Why Netflix Is Splitting ‘Arrested Development’ Season 5 In Half & When You Can Expect Part 2

Saeed Adyani/Netflix

The premiere of Arrested Development Season 5 brings a welcome dose of new Bluth family antics to Netflix after a five year hiatus. However, fans looking forward to marathoning the new season will discover that only eight episodes of Arrested Development Season 5 are premiering on May 29. It turns out that Netflix has opted to release the new season in two parts. So when exactly will Arrested Development Season 5 Part 2 premiere?

A spokesperson for Netflix told The Wrap that the show's second batch of eight episodes will be coming to the service "at a later date." But while the conclusion of the new season isn't going to be available for a while, the episodes themselves are likely already completely finished. Alia Shawkat, who plays Maeby on the series, confirmed on a November 2017 episode of The Late Show With Stephen Colbert that the filming of the season had completed. So why not drop the full season all at once? Entertainment Weekly suggests that the separation of Arrested Development Part 1 and Part 2 has little to do with the actual production of the episodes but a lot to do with possible Emmy consideration for the acclaimed series.

As EW points out, the deadline for consideration for the 2018 Emmys is May 31, meaning that Arrested Development will be just barely squeaking in with its partial premiere, followed the next day by the partial premiere of the reported final season of Unbreakable Kimmy Schmidt. This is one of the downfalls of the all-at-once season release method that Netflix pioneered, as shows would previously have to have their entire season available for release before awards deadlines, or risk skipping a year's worth of consideration.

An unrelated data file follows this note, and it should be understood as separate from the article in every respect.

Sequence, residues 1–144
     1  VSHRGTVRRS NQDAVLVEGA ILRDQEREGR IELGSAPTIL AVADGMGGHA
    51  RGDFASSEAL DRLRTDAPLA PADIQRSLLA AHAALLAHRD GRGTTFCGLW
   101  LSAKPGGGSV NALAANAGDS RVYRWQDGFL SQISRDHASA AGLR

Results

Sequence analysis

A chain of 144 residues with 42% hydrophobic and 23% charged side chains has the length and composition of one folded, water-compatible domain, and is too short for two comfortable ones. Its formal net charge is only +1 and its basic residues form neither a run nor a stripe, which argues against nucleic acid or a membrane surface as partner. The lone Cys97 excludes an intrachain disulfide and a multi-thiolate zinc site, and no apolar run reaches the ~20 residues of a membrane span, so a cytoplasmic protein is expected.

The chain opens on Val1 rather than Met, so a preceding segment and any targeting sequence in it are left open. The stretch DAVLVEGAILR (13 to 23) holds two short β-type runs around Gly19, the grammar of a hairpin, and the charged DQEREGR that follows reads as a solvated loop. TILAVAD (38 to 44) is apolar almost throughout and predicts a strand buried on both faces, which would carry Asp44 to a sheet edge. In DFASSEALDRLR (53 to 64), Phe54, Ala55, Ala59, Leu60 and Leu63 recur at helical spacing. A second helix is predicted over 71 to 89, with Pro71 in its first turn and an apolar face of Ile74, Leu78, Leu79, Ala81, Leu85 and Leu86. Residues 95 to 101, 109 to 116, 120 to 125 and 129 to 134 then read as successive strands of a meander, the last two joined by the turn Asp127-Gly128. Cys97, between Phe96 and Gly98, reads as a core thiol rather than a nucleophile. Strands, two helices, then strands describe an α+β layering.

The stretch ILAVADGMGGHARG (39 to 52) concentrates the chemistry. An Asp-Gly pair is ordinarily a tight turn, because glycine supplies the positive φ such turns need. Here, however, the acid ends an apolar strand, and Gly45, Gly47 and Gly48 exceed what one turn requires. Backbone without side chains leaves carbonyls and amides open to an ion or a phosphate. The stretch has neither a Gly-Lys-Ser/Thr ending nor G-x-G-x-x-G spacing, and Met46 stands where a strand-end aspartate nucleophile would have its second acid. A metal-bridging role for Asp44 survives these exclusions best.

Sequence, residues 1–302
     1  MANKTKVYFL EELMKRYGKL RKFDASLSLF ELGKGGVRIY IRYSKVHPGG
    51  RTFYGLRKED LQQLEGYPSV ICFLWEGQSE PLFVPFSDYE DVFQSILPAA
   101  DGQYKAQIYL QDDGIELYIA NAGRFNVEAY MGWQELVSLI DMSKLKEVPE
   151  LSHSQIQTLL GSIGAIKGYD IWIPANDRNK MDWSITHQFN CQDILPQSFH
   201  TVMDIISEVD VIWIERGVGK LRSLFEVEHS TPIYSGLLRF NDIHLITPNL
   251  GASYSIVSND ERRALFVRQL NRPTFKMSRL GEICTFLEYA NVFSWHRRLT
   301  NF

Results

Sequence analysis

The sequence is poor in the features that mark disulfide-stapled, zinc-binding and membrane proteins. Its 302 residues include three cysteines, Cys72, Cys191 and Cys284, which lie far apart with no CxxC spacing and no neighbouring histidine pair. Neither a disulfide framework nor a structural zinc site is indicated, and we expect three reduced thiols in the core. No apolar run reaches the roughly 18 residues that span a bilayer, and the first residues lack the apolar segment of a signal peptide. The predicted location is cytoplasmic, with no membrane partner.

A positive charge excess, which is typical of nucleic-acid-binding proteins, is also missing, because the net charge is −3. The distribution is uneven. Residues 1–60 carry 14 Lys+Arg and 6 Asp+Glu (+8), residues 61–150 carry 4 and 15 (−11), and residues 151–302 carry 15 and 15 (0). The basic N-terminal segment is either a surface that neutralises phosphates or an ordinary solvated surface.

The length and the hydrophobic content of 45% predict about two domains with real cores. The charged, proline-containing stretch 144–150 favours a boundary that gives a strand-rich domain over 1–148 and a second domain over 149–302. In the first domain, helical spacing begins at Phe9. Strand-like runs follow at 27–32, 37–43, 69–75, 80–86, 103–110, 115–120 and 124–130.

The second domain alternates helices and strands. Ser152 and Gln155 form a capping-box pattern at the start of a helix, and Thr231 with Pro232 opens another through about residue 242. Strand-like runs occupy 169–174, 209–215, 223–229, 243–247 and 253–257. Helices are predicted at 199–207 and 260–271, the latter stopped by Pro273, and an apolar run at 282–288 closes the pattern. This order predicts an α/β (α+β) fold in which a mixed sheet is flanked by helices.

This partial-release method could help Arrested Development and Unbreakable Kimmy Schmidt make big splashes at the Emmys when they roll around, without waiting so long that the cultural excitement and hype surrounding their seasons has died down long before voting begins. It also solves one of the other major issues with streaming shows, which is that they can often be ephemeral experiences. Marathoning a new season of a show — especially one with half hour episodes — can be a fun evening's worth of entertainment, but its pleasures may be forgotten once the next major release hits Netflix, Hulu, Amazon, or any number of other streaming services. Arrested Development Season 5's two-part release structure could help the show's return be a dominating conversation topic this year instead of just another rock in a quarry of quality streaming content, as fans will be discussing each new batch of episodes as they release.

While not getting all of Arrested Development Season 5 at once may be a bummer for fans, it will make the arrival of the show's second half that much sweeter. It stretches out the content, and gives audiences a chance to dissect and discuss the first half for at a few months at least. It'll also provide the opportunity to rewatch the episodes to look for background jokes, references, and clues. The show is famous for its puzzle-like approach to joke construction, often sneaking in gags that aren't fully understood until the second or third watch. Face it — there are probably jokes in first three four seasons of the series that even the most passionate Bluth family fans haven't clocked yet. And Netflix just released a "remix" version of the much-debated Season 4, recut to resemble the more traditional format of the show's early days. So there's a lot to keep Arrested Development devotees busy.

The midseason hiatus will continue for an indeterminate amount of time, but it seems at least that Arrested viewers can rest assured that they're getting the rest of the season before 2018 is out.

Editor's note: Season 5 is controversial due to the presence of Jeffrey Tambor, who was fired from Transparent after being accused of sexual harassment by two co-stars (he denies these claims); he also admitted to and apologized for verbally harassing Jessica Walter on the Arrested Development set in a recent New York Times piece. Co-stars Jason Bateman, David Cross, Will Arnett and Tony Hale were criticized for seeming to defend Tambor and minimize Walter's experience, in the same interview. Bateman, Cross, and Hale have since apologized.